In Plant Rail Safety Program - ISNetworld RAVS Section - US

$ 24.95

In Plant Rail Safety Program - ISNetworld RAVS Section - US

This In Plant Rail Safety Program (ISNetworld® RAVS®* Section), in addition to being a complete and functioning written safety program (chapter), it also contains all the required text elements that are sought by the ISNetworld RAVS® (Review And Verification Service) reviewer. This plan has been previously submitted and has achieved a 100% approval rating for our clients.

  • All programs are guaranteed now and, in the future, to achieve 100% approval. 
  • There are NO maintenance or subscription fees. 
  • Simply notify us if any program falls out of compliance and we will correct it at NO CHARGE.

You are downloading a MicroSoft® Word document file to your computer that is completely editable:

  • In Plant Rail Safety Program:
  • Approximate Word Count: 980
  • Approximate Number of Pages: 4
  • Page Reference Answers to RAVS Reviewer’s Questions: 8

 You will also receive instructions for a simple two-step process to place your company name and safety person's name throughout this word document to conform it to your company. Please review, and feel free to alter or add to it as you wish with any specific company information or safety policies that you may already have.

The first two pages of the document are guidelines for conforming this safety manual section, an index for completing the RAVS® questionnaire (with all page references), and uploading the section.

If you experience any difficulty filling out the questionnaire, or have any questions in general about these documents, call 314-570-0072, or e-mail me at


An excerpt from ISNetworld® RAVS®* Safety plan In Plant Rail Safety Program


  • Head-End Protection — Simply put, this refers to positioning a worker at the front end of the train in order to watch for pedestrians or other equipment that may be in the direction of travel. This can be the locomotive operator if he/she has a clear view of the rails ahead. It may also be a brakeman or switchman who is in radio contact with the locomotive operator. If the locomotive is operated by a radio-controlled remote, then the remote operator must be at the front of the train, watching in the direction of travel.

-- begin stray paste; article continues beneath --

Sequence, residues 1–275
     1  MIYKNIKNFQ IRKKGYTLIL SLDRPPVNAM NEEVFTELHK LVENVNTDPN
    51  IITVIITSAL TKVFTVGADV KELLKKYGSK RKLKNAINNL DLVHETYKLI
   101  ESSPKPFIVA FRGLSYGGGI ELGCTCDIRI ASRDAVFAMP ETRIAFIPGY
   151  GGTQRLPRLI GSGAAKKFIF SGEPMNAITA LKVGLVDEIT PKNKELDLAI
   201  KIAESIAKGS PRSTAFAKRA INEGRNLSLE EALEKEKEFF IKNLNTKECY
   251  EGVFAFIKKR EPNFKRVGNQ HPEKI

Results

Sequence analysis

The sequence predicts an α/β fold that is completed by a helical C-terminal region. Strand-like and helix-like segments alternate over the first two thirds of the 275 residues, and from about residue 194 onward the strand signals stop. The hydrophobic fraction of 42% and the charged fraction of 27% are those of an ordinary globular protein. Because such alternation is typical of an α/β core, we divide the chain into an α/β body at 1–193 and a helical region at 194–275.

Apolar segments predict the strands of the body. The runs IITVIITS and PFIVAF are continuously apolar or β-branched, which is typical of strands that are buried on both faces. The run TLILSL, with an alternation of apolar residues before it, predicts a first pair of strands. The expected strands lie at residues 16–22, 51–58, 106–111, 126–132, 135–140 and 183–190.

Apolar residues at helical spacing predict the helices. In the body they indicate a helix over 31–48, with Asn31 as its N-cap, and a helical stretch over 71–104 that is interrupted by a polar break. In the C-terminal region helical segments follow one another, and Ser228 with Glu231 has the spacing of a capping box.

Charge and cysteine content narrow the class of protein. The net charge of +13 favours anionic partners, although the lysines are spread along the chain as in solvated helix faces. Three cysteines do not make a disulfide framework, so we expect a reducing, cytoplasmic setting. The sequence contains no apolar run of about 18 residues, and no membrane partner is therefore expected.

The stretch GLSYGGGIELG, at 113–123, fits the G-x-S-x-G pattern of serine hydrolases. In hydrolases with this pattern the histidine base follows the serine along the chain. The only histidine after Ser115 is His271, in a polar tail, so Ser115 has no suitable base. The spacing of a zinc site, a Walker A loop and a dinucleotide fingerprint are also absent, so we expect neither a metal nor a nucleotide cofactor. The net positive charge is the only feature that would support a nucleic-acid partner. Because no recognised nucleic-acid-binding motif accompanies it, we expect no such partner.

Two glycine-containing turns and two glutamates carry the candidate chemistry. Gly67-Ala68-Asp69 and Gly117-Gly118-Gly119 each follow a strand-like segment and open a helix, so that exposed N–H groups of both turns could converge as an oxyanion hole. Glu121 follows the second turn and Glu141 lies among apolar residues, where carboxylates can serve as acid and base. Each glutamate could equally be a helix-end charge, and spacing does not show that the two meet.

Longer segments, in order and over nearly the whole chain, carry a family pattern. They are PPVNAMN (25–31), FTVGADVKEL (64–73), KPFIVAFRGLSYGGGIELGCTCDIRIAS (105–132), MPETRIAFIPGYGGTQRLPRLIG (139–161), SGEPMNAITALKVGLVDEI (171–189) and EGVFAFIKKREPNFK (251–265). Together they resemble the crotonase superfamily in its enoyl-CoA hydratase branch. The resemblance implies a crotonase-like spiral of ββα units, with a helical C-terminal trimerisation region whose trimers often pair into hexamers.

• Work On or Near Tracks — Prior to performing work within six (6) feet of any railroad track, permission must be obtained from railroad Supervisor/Designated person to take the track out of service [8]When any type of maintenance or repair is being performed on or near railroad tracks, some form of positive track protection should be utilized. This could be in the form of a derailer placed in front of the work area or a switch that has been diverted and locked out.  In addition, a warning device such as a blue flag or light should be placed in front of the work area.  Never attempt to crawl under rail equipment or climb over moving rail equipment or attempt to cross in front of moving equipment.   [6]   The positive protection and warning devices may need to be placed on both sides of the work area if rail equipment can travel both ways. 
  • Work Between the Rails — Many of the injuries and fatalities that have occurred in plant railyards have occurred when employees positioned themselves between the rails. Never position any part of the body in a potential pinch point. Rail equipment can move in either direction at anytime [7]When coupling or uncoupling, it is safer to work with one foot outside the rails whenever possible. Also, workers should avoid kicking couplers when they stick, since this activity increases the likelihood of falling between the rails.. ....